Aspiration pneumonia is lung infection caused by inhaling mouth secretions, stomach contents, or both. Chemical pneumonitis is lung irritation caused by inhalation of substances toxic to the lungs.
Tiny particles from the mouth frequently dribble or are inhaled (aspirated) into the airways. Usually they are cleared out by normal defense mechanisms (such as coughing) before they can get into the lungs and cause inflammation or infection. When such particles are not cleared (because of impaired defense mechanisms or because the volume of aspirated material is so large), they can cause aspiration pneumonia. Older people and people who are debilitated, have trouble swallowing (as may happen from a stroke), are intoxicated by alcohol or drugs, or are unconscious from anesthesia or a medical condition are especially at risk for this type of pneumonia.
Symptoms of pneumonia do not begin for at least a day or two. The sputum may smell foul. Treatment requires antibiotics. Many antibiotics, including clindamycin, amoxicillin plus clavulanate, ampicillin, and imipenem, can be used. If a solid particle was inhaled, bronchoscopy may be needed to remove it (see see Bronchoscopy).
Chemical pneumonitis occurs when a person inhales (aspirates) material that is toxic to the lungs. The problem is more the result of irritation than infection. A commonly inhaled toxic material is stomach acid, so that chemical pneumonitis may result whenever a person inhales what has been vomited up. Inhalation of vomit can occur when a person who vomits is not completely awake, as can happen after a seizure, stroke, or drug or alcohol overdose. Chemical pneumonitis may also be caused by inhalation of laxative oils (such as mineral, castor, and paraffin oils) and hydrocarbons (such as gasoline, kerosene, and petroleum products). Sudden shortness of breath and a cough develop within minutes or hours. Other symptoms may include fever and pink frothy sputum. In less severe cases, the symptoms of aspiration pneumonia may occur a day or two after inhalation of the toxin.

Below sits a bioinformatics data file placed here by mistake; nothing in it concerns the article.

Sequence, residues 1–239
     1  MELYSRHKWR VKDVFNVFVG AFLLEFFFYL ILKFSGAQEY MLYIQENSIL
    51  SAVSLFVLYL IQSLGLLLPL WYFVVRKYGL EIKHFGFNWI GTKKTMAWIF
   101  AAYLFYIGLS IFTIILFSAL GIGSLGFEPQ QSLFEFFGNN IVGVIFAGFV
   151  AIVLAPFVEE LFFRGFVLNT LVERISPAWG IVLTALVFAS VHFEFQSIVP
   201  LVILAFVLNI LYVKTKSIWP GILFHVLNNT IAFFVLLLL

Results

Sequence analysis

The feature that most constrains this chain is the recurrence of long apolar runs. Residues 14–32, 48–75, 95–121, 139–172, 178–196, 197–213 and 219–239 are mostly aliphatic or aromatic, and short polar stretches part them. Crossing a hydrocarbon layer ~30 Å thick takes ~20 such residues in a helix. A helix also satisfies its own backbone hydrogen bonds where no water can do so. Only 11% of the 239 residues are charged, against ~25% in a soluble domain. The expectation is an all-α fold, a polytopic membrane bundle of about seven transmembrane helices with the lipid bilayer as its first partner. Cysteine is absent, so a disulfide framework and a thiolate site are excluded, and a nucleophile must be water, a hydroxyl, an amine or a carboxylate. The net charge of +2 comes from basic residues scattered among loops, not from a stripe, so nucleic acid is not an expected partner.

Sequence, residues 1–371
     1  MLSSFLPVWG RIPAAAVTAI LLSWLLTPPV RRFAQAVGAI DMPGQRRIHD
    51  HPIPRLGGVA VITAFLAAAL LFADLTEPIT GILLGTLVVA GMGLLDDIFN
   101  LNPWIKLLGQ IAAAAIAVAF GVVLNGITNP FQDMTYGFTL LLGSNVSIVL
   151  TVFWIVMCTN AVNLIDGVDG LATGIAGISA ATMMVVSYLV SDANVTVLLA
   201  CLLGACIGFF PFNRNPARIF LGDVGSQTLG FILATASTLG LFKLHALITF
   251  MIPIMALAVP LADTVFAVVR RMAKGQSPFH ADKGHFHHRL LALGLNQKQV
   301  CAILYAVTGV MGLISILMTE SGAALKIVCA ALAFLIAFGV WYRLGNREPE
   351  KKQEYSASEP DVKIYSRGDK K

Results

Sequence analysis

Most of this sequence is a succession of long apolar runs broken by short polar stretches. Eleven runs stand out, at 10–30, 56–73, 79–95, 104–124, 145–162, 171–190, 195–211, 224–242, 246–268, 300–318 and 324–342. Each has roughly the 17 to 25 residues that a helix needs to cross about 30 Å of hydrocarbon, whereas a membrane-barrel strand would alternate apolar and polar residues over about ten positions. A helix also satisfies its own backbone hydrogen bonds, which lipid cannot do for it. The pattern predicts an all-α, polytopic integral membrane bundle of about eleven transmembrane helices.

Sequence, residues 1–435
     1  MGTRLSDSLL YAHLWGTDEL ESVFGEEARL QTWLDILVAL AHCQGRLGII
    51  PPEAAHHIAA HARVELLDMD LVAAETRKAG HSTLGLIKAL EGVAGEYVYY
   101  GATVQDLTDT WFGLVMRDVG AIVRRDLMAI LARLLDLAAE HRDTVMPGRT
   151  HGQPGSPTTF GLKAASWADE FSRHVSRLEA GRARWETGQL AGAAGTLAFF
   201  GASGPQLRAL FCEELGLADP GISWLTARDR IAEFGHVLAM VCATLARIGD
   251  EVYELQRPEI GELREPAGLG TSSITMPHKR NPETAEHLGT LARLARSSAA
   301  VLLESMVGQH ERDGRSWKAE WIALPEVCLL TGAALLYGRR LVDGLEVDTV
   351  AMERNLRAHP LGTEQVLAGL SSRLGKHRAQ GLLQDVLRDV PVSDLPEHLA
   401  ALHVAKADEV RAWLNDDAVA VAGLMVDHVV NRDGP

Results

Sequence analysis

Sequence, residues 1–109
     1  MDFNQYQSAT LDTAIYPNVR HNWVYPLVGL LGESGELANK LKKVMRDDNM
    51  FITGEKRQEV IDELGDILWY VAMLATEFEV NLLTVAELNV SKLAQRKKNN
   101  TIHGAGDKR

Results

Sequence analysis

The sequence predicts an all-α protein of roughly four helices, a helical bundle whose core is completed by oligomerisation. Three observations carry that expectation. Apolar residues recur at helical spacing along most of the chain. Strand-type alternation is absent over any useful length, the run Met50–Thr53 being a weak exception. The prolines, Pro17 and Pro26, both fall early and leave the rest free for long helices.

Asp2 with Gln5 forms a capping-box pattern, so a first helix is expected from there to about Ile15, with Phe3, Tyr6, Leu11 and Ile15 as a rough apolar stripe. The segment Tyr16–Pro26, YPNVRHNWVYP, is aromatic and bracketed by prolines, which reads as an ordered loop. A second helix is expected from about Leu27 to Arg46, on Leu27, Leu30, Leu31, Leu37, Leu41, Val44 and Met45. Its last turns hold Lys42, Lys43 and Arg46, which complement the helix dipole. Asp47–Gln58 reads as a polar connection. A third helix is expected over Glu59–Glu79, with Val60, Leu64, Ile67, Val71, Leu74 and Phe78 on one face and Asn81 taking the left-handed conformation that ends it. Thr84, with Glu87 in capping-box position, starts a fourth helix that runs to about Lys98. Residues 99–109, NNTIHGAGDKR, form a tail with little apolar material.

The diagnosis of chemical pneumonitis is usually obvious from the sequence of events if this information is available. Chest x-rays and measurements of oxygen concentrations in arterial blood may help. When the diagnosis remains unclear, bronchoscopy is sometimes done.
Treatment consists of oxygen therapy (see see Oxygen Therapy) and mechanical ventilation (see see Acute Respiratory Distress Syndrome (ARDS)) if necessary. The windpipe (trachea) may be suctioned to clear secretions and aspirated food particles out of the airways. Bronchoscopy may also be used for this purpose.
Antibiotics are usually given because doctors cannot easily distinguish this form of aspiration pneumonia from a bacterial infection. Up to 30 to 50% of people with serious chemical pneumonitis due to inhaled stomach acid die.
Last full review/revision April 2008 by John G. Bartlett, MD